Middle schooler Kouichi Hayase has always wanted to be a hero, an “ally of justice” as he likes to go around saying. Well, his wish comes true when a naked girl,Emi Kizaki, suddenly comes crashing down on him, killing the boy instantly. Emi has no choice but to revive the boy by infusing him to Linebarrel, a big ass battle mech.
Now with the power to call on Linebarrel and pilot the machine, Kouichi becomes of interest to JUDA, a weapons manufacturer working with the United Nations to fight off a global mysterious alien threat. But after Kouichi joins JUDA, he quickly finds out the truth behind their enemy, and how closely these aliens are connected to Linebarrel and Emi.
When I announced that I would be reviewing Linebarrels of Iron over Twitter, I could hear the collective groans of everyone following me. Clearly this was not a very popular series. So while I did not particularly find it to be the worst thing I have ever seen, it sure did not win me over in these first 13 episode.
I think the biggest problem with Linebarrels is in its characters. The protagonist, our “hero” of the story Kouichi, is a despicable prick who will make your blood curdle with the first dumb thing that comes out of his mouth. His bold declaration of becoming an “ally of justice” feels like an annoying parody of caped superheroes. The rest of the other characters in this extensive cast don’t fair off so well either. None of them have memorable or likable personalities.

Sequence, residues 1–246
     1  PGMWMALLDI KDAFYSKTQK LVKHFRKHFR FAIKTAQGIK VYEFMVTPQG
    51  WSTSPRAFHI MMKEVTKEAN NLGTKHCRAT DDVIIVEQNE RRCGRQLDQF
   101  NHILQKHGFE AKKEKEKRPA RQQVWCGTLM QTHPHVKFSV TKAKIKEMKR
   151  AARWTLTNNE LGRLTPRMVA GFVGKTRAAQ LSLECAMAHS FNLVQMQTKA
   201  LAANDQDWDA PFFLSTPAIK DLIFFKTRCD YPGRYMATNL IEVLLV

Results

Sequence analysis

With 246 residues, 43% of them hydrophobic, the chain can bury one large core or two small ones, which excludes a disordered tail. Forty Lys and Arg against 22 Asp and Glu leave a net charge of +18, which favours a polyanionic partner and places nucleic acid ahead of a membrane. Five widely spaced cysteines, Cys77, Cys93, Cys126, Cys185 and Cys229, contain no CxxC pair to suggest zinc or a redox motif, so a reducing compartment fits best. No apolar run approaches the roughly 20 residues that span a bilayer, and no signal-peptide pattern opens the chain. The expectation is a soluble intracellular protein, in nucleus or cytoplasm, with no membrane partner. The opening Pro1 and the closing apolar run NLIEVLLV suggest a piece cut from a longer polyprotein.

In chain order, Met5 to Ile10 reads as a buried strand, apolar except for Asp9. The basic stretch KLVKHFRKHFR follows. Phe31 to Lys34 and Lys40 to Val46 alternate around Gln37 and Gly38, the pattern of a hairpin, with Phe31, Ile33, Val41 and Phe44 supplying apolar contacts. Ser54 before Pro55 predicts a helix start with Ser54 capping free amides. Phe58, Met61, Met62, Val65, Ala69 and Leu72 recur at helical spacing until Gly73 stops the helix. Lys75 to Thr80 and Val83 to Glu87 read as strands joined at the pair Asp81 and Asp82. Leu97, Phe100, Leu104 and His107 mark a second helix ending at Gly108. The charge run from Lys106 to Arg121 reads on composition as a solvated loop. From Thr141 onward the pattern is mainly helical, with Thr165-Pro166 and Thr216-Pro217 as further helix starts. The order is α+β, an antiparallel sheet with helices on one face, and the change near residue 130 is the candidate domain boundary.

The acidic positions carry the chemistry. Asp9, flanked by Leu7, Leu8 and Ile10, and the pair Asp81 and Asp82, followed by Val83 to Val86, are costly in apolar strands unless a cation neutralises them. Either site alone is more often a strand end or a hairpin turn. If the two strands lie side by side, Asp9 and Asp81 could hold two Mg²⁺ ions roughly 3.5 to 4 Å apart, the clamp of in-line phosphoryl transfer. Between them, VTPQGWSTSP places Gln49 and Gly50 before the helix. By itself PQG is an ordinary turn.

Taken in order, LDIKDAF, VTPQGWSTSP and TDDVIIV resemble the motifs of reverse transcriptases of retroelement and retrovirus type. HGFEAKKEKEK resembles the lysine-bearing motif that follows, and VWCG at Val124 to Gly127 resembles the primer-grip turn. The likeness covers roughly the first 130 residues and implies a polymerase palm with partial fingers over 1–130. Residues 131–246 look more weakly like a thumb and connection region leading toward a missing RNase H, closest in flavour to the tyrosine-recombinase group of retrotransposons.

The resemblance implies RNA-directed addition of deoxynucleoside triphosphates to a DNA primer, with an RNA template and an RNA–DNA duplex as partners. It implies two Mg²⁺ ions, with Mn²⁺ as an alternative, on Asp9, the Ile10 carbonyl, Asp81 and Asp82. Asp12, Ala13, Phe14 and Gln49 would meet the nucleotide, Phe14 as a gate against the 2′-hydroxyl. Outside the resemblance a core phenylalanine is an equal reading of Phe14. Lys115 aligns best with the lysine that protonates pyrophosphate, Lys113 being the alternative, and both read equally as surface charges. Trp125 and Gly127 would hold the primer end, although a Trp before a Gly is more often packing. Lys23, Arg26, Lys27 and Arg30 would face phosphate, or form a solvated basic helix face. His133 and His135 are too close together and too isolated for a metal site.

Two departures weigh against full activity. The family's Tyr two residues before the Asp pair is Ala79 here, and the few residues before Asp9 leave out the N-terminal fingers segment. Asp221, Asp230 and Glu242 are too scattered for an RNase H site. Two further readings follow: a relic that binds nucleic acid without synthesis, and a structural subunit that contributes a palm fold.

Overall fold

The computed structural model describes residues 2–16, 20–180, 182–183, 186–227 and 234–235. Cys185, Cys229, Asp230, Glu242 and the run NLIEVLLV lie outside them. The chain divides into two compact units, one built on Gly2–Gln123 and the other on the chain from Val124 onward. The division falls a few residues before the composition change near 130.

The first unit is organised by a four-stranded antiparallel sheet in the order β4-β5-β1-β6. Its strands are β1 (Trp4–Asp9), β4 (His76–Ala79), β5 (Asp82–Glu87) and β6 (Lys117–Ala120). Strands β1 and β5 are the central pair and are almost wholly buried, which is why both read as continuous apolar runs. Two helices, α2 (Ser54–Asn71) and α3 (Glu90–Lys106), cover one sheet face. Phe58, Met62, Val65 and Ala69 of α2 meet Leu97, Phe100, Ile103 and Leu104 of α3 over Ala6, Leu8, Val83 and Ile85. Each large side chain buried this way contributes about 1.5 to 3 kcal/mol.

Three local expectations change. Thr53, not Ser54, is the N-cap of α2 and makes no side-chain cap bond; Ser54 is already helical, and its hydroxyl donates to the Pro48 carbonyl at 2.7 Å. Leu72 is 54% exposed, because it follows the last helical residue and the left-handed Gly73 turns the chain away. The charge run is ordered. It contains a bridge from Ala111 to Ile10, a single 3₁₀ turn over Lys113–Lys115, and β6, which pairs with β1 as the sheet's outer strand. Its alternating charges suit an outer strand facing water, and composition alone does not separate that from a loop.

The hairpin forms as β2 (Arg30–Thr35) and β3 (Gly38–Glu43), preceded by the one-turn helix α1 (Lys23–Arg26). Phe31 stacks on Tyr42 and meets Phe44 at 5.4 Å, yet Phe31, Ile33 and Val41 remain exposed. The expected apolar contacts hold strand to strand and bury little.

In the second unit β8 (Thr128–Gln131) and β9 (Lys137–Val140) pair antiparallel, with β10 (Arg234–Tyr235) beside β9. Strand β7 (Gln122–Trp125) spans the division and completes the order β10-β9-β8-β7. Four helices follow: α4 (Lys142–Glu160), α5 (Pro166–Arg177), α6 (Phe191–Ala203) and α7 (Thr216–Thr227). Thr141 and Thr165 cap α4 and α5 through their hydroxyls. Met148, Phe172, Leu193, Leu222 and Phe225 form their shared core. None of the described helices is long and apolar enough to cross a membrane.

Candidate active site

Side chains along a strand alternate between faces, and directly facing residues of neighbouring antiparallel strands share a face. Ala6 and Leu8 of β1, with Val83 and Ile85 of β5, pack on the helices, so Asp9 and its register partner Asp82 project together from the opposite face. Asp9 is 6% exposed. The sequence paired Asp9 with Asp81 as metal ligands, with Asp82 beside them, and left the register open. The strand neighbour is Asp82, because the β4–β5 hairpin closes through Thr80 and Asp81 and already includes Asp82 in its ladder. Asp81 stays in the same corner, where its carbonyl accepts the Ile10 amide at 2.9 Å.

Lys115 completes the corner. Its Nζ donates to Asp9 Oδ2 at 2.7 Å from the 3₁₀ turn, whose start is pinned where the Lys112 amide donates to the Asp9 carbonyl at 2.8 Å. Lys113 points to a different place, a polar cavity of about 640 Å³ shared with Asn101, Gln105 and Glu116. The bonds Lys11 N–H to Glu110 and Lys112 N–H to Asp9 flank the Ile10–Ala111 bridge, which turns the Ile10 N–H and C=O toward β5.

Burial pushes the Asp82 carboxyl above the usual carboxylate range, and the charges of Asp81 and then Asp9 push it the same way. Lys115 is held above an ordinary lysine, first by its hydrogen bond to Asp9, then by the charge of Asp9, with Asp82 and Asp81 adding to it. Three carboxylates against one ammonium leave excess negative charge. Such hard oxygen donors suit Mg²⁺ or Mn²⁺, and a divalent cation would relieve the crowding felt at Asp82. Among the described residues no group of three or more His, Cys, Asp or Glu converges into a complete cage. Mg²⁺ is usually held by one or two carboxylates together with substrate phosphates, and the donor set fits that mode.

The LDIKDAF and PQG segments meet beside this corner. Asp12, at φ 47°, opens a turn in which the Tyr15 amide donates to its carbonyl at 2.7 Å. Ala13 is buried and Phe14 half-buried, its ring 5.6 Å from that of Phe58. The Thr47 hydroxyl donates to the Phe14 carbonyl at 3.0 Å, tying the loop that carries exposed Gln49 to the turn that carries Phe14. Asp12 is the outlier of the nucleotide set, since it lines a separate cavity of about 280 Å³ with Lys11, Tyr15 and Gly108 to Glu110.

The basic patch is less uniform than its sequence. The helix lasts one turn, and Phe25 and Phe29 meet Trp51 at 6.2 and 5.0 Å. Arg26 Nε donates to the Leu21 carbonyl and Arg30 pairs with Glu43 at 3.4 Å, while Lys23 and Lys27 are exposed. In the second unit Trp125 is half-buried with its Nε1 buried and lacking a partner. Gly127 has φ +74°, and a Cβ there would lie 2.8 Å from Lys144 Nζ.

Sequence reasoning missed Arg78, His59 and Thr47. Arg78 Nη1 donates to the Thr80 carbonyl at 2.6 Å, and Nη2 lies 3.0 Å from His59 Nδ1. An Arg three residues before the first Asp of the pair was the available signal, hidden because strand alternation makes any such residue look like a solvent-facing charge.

But even with the lack of personality in the characters, the one part that Linebarrels manages to get right is in making them look appealing. The predominately female ensemble are all very top heavy and are often seen in their underwear, bikinis, or just in the nude for many parts through out the series. It is quite a lot of fan service, but unlike the disgusting images we saw in Dragonaut, these figures are exaggerated just enough to remain very sexy and appealing.
Likewise, I also found the backstory of Linebarrels to be sort of interesting. The story behind the alien enemy, Emi, and Linebarrel actually set up a very interesting science fiction plot device that I would have liked to see explored further. And likewise, the last episode in this DVD set leaves off with a interesting bit of character development that left me wanting to see what happens next.
But the story also yields some problems as this is a typical big mech action anime that doesn’t have much big mech action. A majority of the episodes revolve around Kouichi and the kids of JUDA “at play” around the facility instead of out fighting the enemies. This means that the series becomes more of a crappy teen romance comedy than an action series, and like most fan service heavy comedies, all the humor and entertainment gets lost in translation.
The characters in the series use the excuse that “we need to have fun in the offseason because we need to be serious while fighting.” But there’s hardly enough serious actions to justify all the time devoted to putting on a talent show, preparing for a Christmas party, or spending a day at the beach. This “relaxed and fun” approach to giant robot fighting sort of reminded me of Martian Successor Nadesico, if Martian Successor Nadesico had only a quarter of its action sequences and was not funny at all.
You got to take the good with the bad in this exclusive partnership between FUNimation and Gonzo. On the one hand, it brought us Romeo x Juliet, which was my third favorite anime of last year. But on the other hand, it also brought us Dragonaut, which was probably the worst show I watched last year. While Linebarrels is not nearly as bad as Dragonaut was, it still earns its place on the crap list of anime releases.
* * * * *
The Good: Backstory is kind of interesting. Decent fan service.
The Bad: Horrible characters, lack of interesting action, and really bad humor.
Final Verdict: I’ve seen worst come out of the FUNimation-Gonzo partnership lately than Linebarrels of Iron, I really have. But there is just not enough here to make the series recommendable. Skip it!
Review copy provided by FUNimation Entertainment.